Statement by International Memorial Society on the proposed amnesty

posted 5 Dec 2013, 01:05 by Rights in Russia   [ updated 5 Dec 2013, 01:28 ]
3 December 2013

Source: (info)
Recently in society and the media there has been a wide discussion of the proposed amnesty to mark the 20th anniversary of the Russian Constitution. The most various forms of an amnesty have been proposed, and, fortunately infrequently, there have been doubts expressed as to its expediency.

The study of the history of political repressions in the Soviet Union over many years convinces us, just as does the experience of protecting human rights in the countries that arose in the post-Soviet space, that the amnesty is a necessary step.

We believe that an amnesty in the full meaning of the word is not only an act of mercy, not only a symbolic gesture, or a declaration of faithfulness to the humanistic principles that lie at the base of the Russian Constitution, but also an important act enabling the resolution of difficult social and political issues.

Objections to the amnesty are often related to the fact that people fear the simultaneous return to liberty of a large number of individuals who committed serious criminal offences. People are fearful for their safety and that of their families.

In determining the limits of the application of the amnesty, these concerns should probably be taken into account. The Constitution states that the individual and the individual’s rights and freedoms are the highest values in society, and the amnesty should not be applied to those who have been convicted of serious crimes involving violence against the person, intentional cause of serious harm to the life or health of citizens, or gross violations of their rights and freedoms. In particular, officials should not be amnestied who committed crimes against the justice system, whether it be law enforcement officials or those who work in the justice system who fabricated charges against innocent people, or who helped criminals avoid responsibility for their crimes.

In all other cases the amnesty must be as broad as possible. We believe it is better to release a certain number of people who perhaps do not deserve to be released (but all the same are deserving mercy, as human beings), than to leave in prison even one person whom justice and conscience say should be released.

An amnesty of this kind would have a whole series of important and socially significant outcomes. And it is not just a question of the fact that individuals who are amnestied are less likely to be recidivists than those who have fully served their terms in prison.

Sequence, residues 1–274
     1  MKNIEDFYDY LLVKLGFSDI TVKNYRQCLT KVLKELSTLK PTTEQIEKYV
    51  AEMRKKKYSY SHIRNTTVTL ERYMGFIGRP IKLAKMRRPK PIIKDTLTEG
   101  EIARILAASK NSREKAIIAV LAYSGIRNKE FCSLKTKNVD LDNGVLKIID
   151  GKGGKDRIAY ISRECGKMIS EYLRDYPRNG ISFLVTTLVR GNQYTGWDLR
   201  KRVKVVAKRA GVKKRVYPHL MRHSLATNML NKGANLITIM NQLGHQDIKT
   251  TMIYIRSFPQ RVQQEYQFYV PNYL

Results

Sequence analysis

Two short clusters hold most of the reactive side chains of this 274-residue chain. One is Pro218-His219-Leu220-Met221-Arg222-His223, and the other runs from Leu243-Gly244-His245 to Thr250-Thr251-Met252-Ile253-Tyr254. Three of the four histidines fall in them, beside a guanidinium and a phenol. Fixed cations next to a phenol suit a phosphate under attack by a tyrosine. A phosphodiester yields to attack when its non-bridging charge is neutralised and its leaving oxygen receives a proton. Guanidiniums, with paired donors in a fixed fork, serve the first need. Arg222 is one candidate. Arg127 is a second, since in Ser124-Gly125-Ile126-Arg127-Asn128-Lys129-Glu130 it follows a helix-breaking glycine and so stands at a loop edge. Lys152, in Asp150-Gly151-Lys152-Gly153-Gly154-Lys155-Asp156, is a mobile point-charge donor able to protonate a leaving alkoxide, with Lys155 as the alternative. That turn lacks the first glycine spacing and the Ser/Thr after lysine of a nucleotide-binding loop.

For many years there have been unsuccessful attempts to get rid of the inheritance of the Soviet justice system – the excessive severity and cruelty of punishments, which frequently do not correspond to the seriousness or social danger of the crimes that have been committed, and punishments that do not enable those convicted to return to a normal life in society, but on the contrary introduce those sentenced to the criminal world.

A broad amnesty will allow this problem to be resolved at least in part. A broad amnesty would bring about an amelioration of the consequences of a significant number of judicial errors and consciously issued unjust judgments, deriving from abuses at the stage of the preliminary investigation as well as from the imperfections of the court hearings, and the corruption and partiality of the judicial bodies.

A broad amnesty would save hundreds of thousands of people from a suffering not intended by the mere fact of their conviction, but inevitable given the poverty-stricken and archaic condition of the Russian penitentiary system that has yet to be reformed, and still bears the marks of the Stalinist Gulag.

A broad amnesty would reduce social and even political tensions in the country, which is riven by disputes and doubts about the quality of our justice system and its independence.

And most important, an amnesty of this kind would significantly reduce the sum of human suffering in Russia.

But to achieve this, the law on the amnesty, and the mechanisms of its implementation, must be based on strict legal grounds and be free from the influence of subjective factors.

In particular, the question of the application of the amnesty must not be given over to the discretion of the prison administration and made subject to an assessment of the ‘behaviour’ of an individual prisoner, since this would open the way to all kinds of injustice and abuses.

Moreover, the experience of Soviet history shows that the authorities, having once placed politics above the law, can be tempted in one way or another to exclude from the amnesty those who have taken part in opposition political actions (for example, those who have been detained in the ‘6th May case’) or in actions which, although they have no political element, were nonetheless perceived by the authorities as presenting a challenge to the state (for example, the case of the Arctic 30).

Such an arbitrary removal from the scope of the amnesty of particular individuals and actions that should properly fall within it would bring to naught the humanistic essence of the amnesty, undermine respect for the law, in any case not all that high in Russia, and demonstrate to the Russian and world publics the self-interested selectivity of the actions of the Russian authorities.

The character of the amnesty, declared to mark the 20th anniversary of the Constitution, will show to what extent Russia has been able, over these past 20 years, to realize the principles that formed the basis of the Constitution of 1993, and in what direction the country is preparing to move in the future.

Board of the International Memorial Society